As I mentioned yesterday, this wasn’t my first time to the San Diego area. I’ve been here several times for work, but I’ve always had to work. It left no time for play. Rude, I know. But just last week while visiting San Diego for work, I had the chance to finally play!
And boy, oh boy, was it wonderful.
So, of course, I make a direct route to the USS Midway Museum located on the pier in San Diego Bay. I’ve always wanted to come here and was even considering an extended weekend trip this fall with Hubby, until I realized that only one of us would really dig walking through a giant ship covered in airplanes.
I can’t think of anything more romantic, but I have to consider his needs, too. It’s that whole married-thing, you know?
For today’s post, I will focus mainly on the lower decks of the ship itself. We will get to the
good stuff airplanes over the next few days. This museum could easily take a full week’s worth of posts. I’m fine with that if you are.
Much to Hubby’s relief, I’m sure, I was able to visit the museum in person while I was “working” in San Diego. I didn’t even blink an eye when it came to coughing up $18 for admission to the museum.
It is certainly more than I usually pay to walk around historic aircraft carriers, but I thought it would be even more worth it because admission brought with it an audio tour using a headset and personal listening device.
Wow, $18 and the only ticket that they can provide is a fuzzy picture with a bar code on back? Fine, I’m not one to complain. *snort*
Well, thank you. I feel welcomed.
After a quick test to ensure the headset was working properly, we started this party out right by walking past an FU-4 Corsair. They beef up these wings to allow for the gigantic prop to clear the ground. It’s really hard to fly an airplane when the prop can’t spin, you know?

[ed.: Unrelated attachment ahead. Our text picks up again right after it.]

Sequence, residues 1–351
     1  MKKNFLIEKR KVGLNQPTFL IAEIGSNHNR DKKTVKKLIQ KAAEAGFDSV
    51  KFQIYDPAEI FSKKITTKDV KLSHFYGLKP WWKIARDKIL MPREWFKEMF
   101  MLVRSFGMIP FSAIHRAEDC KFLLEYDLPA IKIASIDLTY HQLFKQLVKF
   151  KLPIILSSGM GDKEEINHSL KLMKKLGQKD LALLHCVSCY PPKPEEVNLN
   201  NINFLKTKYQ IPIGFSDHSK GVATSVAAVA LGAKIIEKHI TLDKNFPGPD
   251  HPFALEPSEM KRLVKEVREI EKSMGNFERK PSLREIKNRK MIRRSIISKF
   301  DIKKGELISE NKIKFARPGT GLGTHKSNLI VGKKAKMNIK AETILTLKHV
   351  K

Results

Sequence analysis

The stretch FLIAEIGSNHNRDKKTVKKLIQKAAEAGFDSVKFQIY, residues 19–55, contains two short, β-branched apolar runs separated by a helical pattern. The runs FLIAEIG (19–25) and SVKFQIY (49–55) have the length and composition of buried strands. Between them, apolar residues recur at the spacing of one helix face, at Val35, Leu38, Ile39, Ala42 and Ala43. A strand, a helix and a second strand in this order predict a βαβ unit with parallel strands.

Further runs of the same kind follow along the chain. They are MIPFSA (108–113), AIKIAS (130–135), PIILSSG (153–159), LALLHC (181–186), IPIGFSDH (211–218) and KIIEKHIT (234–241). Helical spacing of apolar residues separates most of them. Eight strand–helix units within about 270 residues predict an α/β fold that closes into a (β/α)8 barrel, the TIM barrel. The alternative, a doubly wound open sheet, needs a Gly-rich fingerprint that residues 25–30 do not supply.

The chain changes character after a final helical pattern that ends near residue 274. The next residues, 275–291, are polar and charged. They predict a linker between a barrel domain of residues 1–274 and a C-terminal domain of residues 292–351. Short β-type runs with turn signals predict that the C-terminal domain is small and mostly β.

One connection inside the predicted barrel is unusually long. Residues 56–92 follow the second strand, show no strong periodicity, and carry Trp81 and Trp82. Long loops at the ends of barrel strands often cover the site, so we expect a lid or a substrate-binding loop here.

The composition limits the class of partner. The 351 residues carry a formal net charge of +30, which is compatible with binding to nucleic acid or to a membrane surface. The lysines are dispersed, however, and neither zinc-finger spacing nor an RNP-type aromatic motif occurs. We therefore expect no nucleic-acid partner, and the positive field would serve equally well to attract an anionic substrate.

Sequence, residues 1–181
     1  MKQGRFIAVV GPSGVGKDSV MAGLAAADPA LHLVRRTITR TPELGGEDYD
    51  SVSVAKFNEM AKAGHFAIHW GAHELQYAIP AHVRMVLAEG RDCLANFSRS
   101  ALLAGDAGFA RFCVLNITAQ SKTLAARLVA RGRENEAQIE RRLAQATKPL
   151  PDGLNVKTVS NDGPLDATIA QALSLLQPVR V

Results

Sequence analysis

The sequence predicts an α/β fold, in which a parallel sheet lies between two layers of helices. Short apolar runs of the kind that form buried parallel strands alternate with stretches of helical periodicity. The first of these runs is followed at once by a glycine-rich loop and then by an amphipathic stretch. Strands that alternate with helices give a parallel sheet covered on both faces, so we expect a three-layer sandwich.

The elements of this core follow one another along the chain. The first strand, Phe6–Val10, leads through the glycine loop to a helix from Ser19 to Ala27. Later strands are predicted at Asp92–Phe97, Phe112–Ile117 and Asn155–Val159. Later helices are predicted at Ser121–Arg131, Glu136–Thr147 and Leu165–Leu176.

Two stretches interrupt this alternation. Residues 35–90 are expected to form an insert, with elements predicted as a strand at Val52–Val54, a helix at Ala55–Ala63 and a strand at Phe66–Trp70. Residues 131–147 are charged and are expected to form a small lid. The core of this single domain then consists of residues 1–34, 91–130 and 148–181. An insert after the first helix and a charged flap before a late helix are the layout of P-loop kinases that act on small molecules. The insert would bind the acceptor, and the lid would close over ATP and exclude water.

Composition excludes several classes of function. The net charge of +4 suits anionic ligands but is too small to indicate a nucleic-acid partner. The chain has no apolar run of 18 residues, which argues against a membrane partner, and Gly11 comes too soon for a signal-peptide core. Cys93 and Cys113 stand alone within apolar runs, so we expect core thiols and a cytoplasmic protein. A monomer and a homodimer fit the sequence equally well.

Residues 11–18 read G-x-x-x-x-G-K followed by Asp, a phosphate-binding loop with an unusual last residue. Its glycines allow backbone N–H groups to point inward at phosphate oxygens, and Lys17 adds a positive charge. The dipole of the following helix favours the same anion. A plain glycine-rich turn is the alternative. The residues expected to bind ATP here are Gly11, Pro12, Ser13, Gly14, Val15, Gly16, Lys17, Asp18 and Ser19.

I love this airplane, and it played such a huge part in our winning the war.
So let’s go check out the ship! I just hope that I can remember all of the useful information that I heard over my headset as I walked. The whole experience was so educational, and I left in awe of what was accomplished from the decks of this ancient aircraft carrier.
I was pretty excited to be here. Did I mention this was a dream come true? If I had a written bucket list, this would be on it in a bright-red Sharpie. It felt so wonderful to finally be able to see the Midway in person.
Since there were upwards of 4,500 crewmen on board, a store was simply necessary. Please don’t be alarmed (like I was) by this mannequin. Apparently, to make the ship tour feel more
creepy life-like, the museum donation box dropped a whole lotta money on countless dummies made to look like they were in service on the ship.
Yeah, it caught me off guard, too. Luckily, no one was around me when I “met” this first lifeless friend. I wish I could say that it gets better.
I did approve of the prices of goods for sale, though.
Though not as small as some submarines that I’ve been on, the interior walkways of this ship were still petite. Of course, the average height of an American man back then (the ship began construction in 1942 and was commissioned in 1945) was 5’6”.
See? You’re learning something already! It was tight in here. Subs are worse, but I don’t think ships in general are for people who like wide-open spaces.
This is why I will happily never consider myself a spelunker.
Talk about cramped quarters! These were the sleeping bunks of the enlisted sailors. And that little tiny locker housed all of their personal belongings. I can already tell that I wouldn’t make a very good enlisted sailor.
But that wouldn’t have been a concern during the service of this ship. Women were forbidden in battle positions until 1994, and this ship was decommissioned in 1992.
That’s right, folks. A woman never served aboard the Midway! Isn’t that crazy?
Not too far from the enlisted bunks was the anchor room where the massive chains and anchors were stored. This hole was used to put the chain through to lower the anchor. I just liked the pretty water below.
Each link weighs 130 pounds. I didn’t try to lift them to test this little tidbit of information. Sometimes, you just have to trust what the
little voices in your head tour headset tells you.
I guess the sailors used to make bets on the exact second the anchor would drop into the water when arriving at port. It was a sound so loud that it could be heard by everyone on the ship. The men would pool their money, and whoever was the closest to the time got the whole pot. This just meant he had more to spend